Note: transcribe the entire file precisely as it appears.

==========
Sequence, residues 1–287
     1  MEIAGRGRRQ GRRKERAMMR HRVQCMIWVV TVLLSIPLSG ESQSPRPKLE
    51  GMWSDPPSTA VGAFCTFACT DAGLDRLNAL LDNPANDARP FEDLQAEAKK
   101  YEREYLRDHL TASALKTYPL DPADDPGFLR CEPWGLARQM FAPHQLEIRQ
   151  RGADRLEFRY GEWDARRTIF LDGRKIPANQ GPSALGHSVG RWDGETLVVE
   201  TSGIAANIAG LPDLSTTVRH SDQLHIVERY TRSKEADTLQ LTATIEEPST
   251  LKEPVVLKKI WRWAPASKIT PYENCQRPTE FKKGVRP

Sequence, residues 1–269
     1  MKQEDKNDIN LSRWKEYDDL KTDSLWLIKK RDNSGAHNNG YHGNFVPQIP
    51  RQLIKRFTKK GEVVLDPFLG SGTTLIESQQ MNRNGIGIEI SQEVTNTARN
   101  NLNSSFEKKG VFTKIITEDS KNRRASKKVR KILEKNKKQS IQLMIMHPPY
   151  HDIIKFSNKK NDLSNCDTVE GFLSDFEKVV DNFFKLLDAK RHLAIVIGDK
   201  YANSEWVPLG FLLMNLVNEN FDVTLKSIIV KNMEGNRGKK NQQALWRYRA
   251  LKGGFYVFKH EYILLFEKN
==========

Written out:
Sequence, residues 1–287
     1  MEIAGRGRRQ GRRKERAMMR HRVQCMIWVV TVLLSIPLSG ESQSPRPKLE
    51  GMWSDPPSTA VGAFCTFACT DAGLDRLNAL LDNPANDARP FEDLQAEAKK
   101  YEREYLRDHL TASALKTYPL DPADDPGFLR CEPWGLARQM FAPHQLEIRQ
   151  RGADRLEFRY GEWDARRTIF LDGRKIPANQ GPSALGHSVG RWDGETLVVE
   201  TSGIAANIAG LPDLSTTVRH SDQLHIVERY TRSKEADTLQ LTATIEEPST
   251  LKEPVVLKKI WRWAPASKIT PYENCQRPTE FKKGVRP

Sequence, residues 1–269
     1  MKQEDKNDIN LSRWKEYDDL KTDSLWLIKK RDNSGAHNNG YHGNFVPQIP
    51  RQLIKRFTKK GEVVLDPFLG SGTTLIESQQ MNRNGIGIEI SQEVTNTARN
   101  NLNSSFEKKG VFTKIITEDS KNRRASKKVR KILEKNKKQS IQLMIMHPPY
   151  HDIIKFSNKK NDLSNCDTVE GFLSDFEKVV DNFFKLLDAK RHLAIVIGDK
   201  YANSEWVPLG FLLMNLVNEN FDVTLKSIIV KNMEGNRGKK NQQALWRYRA
   251  LKGGFYVFKH EYILLFEKN